ASU researchers tackle ways to combat food waste

They lined up early on a recent chilly Saturday, cardboard boxes in hand and carts at the ready for the chance to buy inexpensive produce at a small parking lot at Arizona State University’s Polytechnic campus.

Before them were a bounty of green peppers, red tomatoes, and green and yellow squash. There were deep purple eggplants. Off to one side were still more bins, these containing tomatillos ripe for the choosing.

At this open-air market run by Borderlands Produce Rescue, $12 buys a shopper 70 pounds of produce to pack the pantry, but also fulfills the desire to help eliminate the problem of food waste in Arizona and beyond.

Now, the goal of finding wanting stomachs for the goods destined for landfills has received a boost from Professor of Agribusiness Tim Richards, one of two W.P. Carey School faculty looking into food waste.

With the help of nearly $1 million in combined grants from the U.S. Department of Agriculture, Richards and fellow Professor of Supply Chain Management Elliot Rabinovich will spend time crunching the data and looking into ways to better provide for today’s food needs and ensure that future demands can be met. The two-year federal grants were among $17.5 million awarded in 2016 to 47 projects through the agency’s Agriculture and Food Research Institute as part of the re-authorized 2014 Farms Bill.

Richards says it was a natural extension of his continuing research in the field to work with the Nogales-based, non-profit Borderlands group that among other projects takes tons of surplus and so-called ugly fruit and vegetables from Mexico and re-distributes it to consumers in spots throughout Arizona.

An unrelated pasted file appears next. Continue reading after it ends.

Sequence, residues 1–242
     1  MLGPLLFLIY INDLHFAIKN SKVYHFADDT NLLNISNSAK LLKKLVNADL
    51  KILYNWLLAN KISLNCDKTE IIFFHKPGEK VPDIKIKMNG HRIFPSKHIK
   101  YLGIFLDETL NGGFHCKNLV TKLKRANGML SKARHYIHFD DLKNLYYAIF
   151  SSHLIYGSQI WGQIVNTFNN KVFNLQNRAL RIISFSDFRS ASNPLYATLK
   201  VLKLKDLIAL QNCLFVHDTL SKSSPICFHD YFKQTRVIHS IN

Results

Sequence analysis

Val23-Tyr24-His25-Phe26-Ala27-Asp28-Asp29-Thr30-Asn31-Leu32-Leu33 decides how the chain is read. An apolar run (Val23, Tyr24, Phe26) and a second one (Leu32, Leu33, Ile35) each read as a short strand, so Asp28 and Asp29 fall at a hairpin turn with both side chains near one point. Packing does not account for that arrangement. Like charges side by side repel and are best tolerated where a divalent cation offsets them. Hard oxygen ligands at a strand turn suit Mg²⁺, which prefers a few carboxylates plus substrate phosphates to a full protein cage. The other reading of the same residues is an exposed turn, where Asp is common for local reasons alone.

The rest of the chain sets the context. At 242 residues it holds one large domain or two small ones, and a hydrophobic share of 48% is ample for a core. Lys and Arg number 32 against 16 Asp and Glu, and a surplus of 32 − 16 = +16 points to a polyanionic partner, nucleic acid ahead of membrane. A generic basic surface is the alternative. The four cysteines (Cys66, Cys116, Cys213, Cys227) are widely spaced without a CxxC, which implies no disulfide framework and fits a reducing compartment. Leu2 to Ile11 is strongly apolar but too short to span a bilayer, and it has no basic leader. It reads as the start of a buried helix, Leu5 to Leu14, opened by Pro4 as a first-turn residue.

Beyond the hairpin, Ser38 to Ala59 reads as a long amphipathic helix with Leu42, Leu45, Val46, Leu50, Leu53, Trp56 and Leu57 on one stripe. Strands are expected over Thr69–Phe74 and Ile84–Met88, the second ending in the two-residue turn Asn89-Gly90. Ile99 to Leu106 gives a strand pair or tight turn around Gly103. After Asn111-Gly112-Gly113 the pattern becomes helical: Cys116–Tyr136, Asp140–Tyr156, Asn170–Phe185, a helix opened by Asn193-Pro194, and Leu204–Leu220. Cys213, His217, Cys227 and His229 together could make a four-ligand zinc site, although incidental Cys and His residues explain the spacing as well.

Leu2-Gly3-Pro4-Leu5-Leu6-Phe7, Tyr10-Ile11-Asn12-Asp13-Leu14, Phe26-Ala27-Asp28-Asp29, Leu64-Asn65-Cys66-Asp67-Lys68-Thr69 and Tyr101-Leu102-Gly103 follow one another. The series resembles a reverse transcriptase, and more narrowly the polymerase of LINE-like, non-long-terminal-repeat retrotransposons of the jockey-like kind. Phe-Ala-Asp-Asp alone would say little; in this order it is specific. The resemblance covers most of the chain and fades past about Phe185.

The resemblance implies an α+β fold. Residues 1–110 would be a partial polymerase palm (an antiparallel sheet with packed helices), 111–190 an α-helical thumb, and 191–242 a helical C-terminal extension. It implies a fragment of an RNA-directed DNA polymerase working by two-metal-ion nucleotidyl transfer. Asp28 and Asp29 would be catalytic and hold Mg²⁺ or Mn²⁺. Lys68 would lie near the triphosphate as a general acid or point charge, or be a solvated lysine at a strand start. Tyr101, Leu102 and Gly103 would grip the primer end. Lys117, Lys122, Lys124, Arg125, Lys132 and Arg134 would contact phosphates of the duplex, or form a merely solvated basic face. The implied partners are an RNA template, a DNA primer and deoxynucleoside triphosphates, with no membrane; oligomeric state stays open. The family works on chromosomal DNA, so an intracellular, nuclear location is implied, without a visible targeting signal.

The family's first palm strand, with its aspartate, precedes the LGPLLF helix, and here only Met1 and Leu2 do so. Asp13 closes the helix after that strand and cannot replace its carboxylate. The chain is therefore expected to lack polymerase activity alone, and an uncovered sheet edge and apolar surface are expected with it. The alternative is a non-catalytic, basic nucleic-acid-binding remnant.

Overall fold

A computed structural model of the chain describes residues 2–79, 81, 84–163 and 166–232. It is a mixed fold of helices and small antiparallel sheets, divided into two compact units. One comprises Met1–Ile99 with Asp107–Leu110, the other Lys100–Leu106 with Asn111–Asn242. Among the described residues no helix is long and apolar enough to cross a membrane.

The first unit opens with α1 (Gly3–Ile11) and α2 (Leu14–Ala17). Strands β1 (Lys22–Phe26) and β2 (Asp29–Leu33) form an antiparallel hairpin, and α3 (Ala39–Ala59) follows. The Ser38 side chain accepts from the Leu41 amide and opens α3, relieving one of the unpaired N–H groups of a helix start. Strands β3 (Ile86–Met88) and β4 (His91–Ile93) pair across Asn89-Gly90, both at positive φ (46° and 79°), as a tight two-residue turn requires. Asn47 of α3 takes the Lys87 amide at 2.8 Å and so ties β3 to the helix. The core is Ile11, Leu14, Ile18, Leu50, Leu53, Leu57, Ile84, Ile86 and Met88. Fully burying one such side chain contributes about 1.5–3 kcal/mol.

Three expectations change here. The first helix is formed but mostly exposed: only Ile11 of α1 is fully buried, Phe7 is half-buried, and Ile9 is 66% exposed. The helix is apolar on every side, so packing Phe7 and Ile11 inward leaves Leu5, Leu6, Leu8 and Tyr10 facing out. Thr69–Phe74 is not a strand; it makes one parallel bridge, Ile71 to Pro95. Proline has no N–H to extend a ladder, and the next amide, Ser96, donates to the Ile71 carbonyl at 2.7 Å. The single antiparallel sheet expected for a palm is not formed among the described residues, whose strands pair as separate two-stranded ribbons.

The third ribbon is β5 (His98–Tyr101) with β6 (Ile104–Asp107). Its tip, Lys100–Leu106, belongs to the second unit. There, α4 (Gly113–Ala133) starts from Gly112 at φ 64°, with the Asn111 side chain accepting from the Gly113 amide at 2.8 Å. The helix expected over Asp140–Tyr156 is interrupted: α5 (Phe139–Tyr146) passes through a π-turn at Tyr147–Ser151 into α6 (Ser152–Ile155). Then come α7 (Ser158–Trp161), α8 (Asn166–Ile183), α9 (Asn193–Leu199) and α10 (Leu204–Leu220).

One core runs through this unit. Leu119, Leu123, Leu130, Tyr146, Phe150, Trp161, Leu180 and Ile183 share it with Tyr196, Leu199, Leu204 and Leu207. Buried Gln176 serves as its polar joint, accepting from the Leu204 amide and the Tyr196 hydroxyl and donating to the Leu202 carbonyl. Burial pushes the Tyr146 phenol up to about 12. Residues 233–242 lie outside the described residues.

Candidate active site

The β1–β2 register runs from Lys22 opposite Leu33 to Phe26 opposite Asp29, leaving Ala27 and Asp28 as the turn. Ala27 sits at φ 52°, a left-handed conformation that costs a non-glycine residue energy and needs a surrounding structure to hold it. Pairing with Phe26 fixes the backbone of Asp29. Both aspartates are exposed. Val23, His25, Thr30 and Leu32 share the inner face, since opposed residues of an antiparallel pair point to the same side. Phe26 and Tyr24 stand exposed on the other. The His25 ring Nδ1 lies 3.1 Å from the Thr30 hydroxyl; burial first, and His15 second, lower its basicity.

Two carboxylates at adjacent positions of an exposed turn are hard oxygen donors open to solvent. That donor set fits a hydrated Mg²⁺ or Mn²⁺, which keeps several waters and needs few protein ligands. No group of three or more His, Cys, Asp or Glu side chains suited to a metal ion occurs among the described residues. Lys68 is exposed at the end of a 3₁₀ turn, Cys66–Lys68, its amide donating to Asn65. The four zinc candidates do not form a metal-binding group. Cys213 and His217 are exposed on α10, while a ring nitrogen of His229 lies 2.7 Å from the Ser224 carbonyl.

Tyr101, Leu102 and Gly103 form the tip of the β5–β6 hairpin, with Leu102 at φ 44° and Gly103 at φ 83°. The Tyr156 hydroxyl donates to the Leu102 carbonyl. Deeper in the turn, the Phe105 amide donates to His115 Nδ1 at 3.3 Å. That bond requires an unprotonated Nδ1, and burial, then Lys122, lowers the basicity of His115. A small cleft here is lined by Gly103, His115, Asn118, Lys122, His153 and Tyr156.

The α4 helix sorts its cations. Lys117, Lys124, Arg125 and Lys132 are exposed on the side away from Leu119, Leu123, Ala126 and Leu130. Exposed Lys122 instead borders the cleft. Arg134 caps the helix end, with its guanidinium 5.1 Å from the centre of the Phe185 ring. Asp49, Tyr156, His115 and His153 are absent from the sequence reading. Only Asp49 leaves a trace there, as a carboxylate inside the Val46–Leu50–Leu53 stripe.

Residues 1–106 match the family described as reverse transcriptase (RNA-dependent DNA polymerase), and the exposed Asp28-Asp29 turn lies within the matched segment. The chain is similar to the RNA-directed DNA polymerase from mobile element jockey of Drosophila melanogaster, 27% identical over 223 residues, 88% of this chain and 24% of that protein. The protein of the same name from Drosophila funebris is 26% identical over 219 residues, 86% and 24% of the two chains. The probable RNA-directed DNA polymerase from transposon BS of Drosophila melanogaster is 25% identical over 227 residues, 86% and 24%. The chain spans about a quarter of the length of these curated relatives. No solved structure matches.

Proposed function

The Produce on Wheels Without Waste, or P.O.W.W.O.W. program, is hosted by community groups and operates weekly during the produce season, typically November through August. It is run with the help of volunteers, including some ASU students.

“They were just flying by the seat of their pants,” says Richards. “We’re going to help them find a better way to get the word out about what they are doing and maybe have them do things a little differently. The goal is to help them figure out how to move more fresh produce — that will be good for them and help everyone in the long run.”

He says a survey is in the works to help guide any future steps to be taken to help build the program.

Richards says he has spent much of the $496,589 grant studying the prospects of companies using online platforms to sell ugly produce — those ill-shaped or sized products that don’t make the cut to be displayed on shelves of the neighborhood grocery store.

The research focused on analyzing data from Imperfect Produce Inc., a small San Francisco Bay-area startup delivery company hoping to reduce food waste by serving as the go-between farmer and consumer.

Under the setup, Imperfect Produce buys the ugly fruit and vegetables that would not usually make it out of the field and sells and delivers it to the homes of subscribers. Patrons are able to customize online what offerings they want, helping eliminate still more food waste.

The roughly 150-member group of farmers and producers get money for produce that normally would have gone unsold, and customers get what they will eat at a reduced rate from what they would pay at the store.

The rapidly expanding program is available in 18 U.S. cities, including San Francisco, Los Angeles, San Diego, Chicago, Dallas, Seattle, Portland, and Washington, D.C., according to the company’s website.

The study included analyzing two years of company transactions, including the amounts of produce ordered, prices paid for the goods, and the attributes of consumers and the sharing firms involved.

I guess you could say they are the Uber for wasted food. What we found is that their business model really does work. They are growing like gangbusters.

— Tim Richards, Professor of Agribusiness and Marvin and June Morrison Chair of Agribusiness